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Chronic Pain and Acute Pain

davedave Posts: 860
edited 06/11/2012 - 8:38 AM in Chronic Pain
I posted the following story in another thread and thought it might lend itself to a lively discussion.

This past weekend, my wife asked me to taste the soup in the crock pot to make sure it was good and hot and that the potatoes were cooked. Being a typical guy, I spilled half of my taste on my shirt and the other half on my right foot. The second taste confirmed that everything was done and definately hot.

Well, I cleaned myself up, cursed my self for being a spaz, and changed my shirt. Didn't really think much about the event till later that evening when I discovered that I had severely burned my foot (3rd degree burns).

The moral of the story is, if you suffer from nerve damage, you should take the time to exam yourself thoroughly when bad things happen. It's possible that you can injure yourself and the pain from that injury either doesn't register or does not meet the threshold that you already feel.



  • Keep a close eye on that. I have to constantly remind my wife to keep an eye on her feet and to not go barefoot anymore, she has been type II diabetic for over 10 years now.
    Between myself and her doctor we have gotten her to start listening. Her doctor always checks her feet. Looking for any signs of problems of course, but if there is any dirt in cracks and crevices such as you get walking outdoors barefoot she gets yelled at :D
    Even though all her blood level tests are good to excellent any small injury she gets to her feet now takes a long time to heal.

    I'm only mentioning it as sometimes with nerve damage you get reduced circulation.

    Take care, and next time use a straw.... :?
  • Good point. Many of us wind up with "modified pain reception" for a lack of better terms as well as flat out nerve damage and lack of feeling. After my C2 ganglionectomy the NS tested me over and over trying to make certain that I wasn't going to inadvertently bump my head into something. The ganglionectomy numbed a large portion of my neck and scalp on one side. I haven't bumped it into much, but I have to be careful using a hair dryer, brush or comb. I think scratching at phantom "itches" is the biggest worry, since I can feel the itch but not the scratch.

    Okay, now that I made myself sound like an idiot ... good topic.

  • Wrambler, thanks for the straw tip. It probably wouldn't work with potato soup but the thought counts. I probably fall into the realm that your wife is in. I'm very careless with my feet and legs. I try to act like I'm normal, haven't been that for decades on more than one level. Most of my nerve damage is fairly recent, only a couple years young. I'm still learning to live with my situation. This is the second time that I've injured myself. I stubbed my big toe about 18 months ago and split the edge of my toe pretty good. The advantage is you get to save on doctors visits cause you feel no pain, just kidding.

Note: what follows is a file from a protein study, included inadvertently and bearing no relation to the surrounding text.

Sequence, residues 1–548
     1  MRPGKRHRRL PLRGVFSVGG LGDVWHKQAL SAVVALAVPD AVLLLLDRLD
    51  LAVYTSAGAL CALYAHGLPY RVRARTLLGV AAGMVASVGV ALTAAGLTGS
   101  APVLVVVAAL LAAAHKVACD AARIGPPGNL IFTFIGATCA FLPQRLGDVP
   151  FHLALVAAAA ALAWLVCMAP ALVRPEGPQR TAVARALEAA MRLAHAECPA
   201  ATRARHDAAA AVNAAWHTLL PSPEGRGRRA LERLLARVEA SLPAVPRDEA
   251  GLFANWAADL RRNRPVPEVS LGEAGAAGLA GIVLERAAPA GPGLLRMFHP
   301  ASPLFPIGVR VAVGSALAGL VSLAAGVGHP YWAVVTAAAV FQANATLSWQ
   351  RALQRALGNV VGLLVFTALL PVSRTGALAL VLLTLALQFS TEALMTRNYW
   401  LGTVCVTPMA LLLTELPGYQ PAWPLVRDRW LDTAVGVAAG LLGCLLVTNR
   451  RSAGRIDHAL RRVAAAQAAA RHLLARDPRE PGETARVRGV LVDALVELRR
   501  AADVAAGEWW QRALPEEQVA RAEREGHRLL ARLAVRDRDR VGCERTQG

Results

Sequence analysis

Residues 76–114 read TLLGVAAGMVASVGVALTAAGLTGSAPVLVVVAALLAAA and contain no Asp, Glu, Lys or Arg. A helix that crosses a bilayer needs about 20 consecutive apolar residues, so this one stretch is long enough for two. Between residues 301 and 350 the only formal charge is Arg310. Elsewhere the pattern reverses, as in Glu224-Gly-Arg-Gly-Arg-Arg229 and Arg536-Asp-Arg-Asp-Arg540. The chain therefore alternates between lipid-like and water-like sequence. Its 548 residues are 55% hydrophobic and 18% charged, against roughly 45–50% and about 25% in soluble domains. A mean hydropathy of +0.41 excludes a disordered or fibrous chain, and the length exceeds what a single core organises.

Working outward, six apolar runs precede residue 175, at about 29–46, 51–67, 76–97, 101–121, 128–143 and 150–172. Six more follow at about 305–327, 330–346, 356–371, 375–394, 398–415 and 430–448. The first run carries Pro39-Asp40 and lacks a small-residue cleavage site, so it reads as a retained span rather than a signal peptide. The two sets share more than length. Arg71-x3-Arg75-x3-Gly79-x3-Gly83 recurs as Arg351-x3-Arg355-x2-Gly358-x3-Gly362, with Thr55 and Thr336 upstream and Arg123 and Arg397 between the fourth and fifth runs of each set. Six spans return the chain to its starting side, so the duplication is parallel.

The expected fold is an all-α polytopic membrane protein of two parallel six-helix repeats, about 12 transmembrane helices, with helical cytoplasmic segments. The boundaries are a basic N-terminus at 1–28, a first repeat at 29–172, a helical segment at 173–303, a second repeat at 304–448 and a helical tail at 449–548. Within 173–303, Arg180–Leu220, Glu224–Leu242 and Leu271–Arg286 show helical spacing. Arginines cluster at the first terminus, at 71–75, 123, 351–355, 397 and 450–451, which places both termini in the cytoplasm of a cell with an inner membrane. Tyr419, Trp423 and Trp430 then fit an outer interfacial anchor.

C, you don't sound like an idiot. We need to proceed with caution sometimes and be aware your body. Like it or not, we are broken. I can put my feet in scolding hot water and not even wince, yet splash cold water on them and you might as well have thrown battery acid on them. Basically the nerves are broken up stream and warping the signals.

  • dilaurodilauro ConnecticutPosts: 9,865
    Recently I had root canal.. It didnt work, and that tooth pain drove me up a wall.. But I know it was just acute pain and it would be gone soon, but still I didnt handle it well.
    Even more recently, I have had major problems with arthritis in my shoulders. So, to the Ortho and another set of deep cortisone injections. This time, instead of making them feel better, they got worse. I told that doctor, I can handle chronic pain, I know how to deal with that, but acute pain, is so difficult.
    He explained in detail the differences between how a patient handles chronic vs acute pain. . About 10 minutes into the discussion, I grabbed him and said I KNOW, Give me something NOW... I felt like a little kid, but he understood and gave me 3 days of Perocet just to get over the acute pain.
    It is amazing how our body adjusts
    Ron DiLauro Spine-Health System Administrator
    I am not a medical professional. I comment on personal experiences
    You can email me at: rdilauro@veritashealth.com
  • ron
    watch out, your pain meds are playing havoc with your looks. i would switch meds asap or you might look like babe ruth or reggie jackson. my wife tells me my meds are making me look like brad pitt. lets see, brad pitt, jackson, pitt, jackson, i think i am looking better
    good luck with your meds. try the fenatyl suckers
    good luck
    I have 4 fusions from L5-3, the latest last May '12 where they fixed my disc that broke.They went through my side this time. I take 40 mg of oxycontin 4x a day and 4 fenatyl lollipops 300 micro gms 4x a day.
  • dilaurodilauro ConnecticutPosts: 9,865
    Well, I would have to agree with that one... No question, Pitt vs the others. Perhaps you can share your secret as to what medication has turned you into Bradd!!!!
    Ron DiLauro Spine-Health System Administrator
    I am not a medical professional. I comment on personal experiences
    You can email me at: rdilauro@veritashealth.com
  • My wife just says I'm the pitts.... :?

    Somehow I don't think that's the same Pitt? :O

    Is it :))(

  • (and you fellas are so funny) it seems as though those of us with nerve damage will a. feel pain that isn't really there and b. not feel pain that really is there. I haven't experienced b. yet but already I can say, "Stop the world, I want to get off." Susan.
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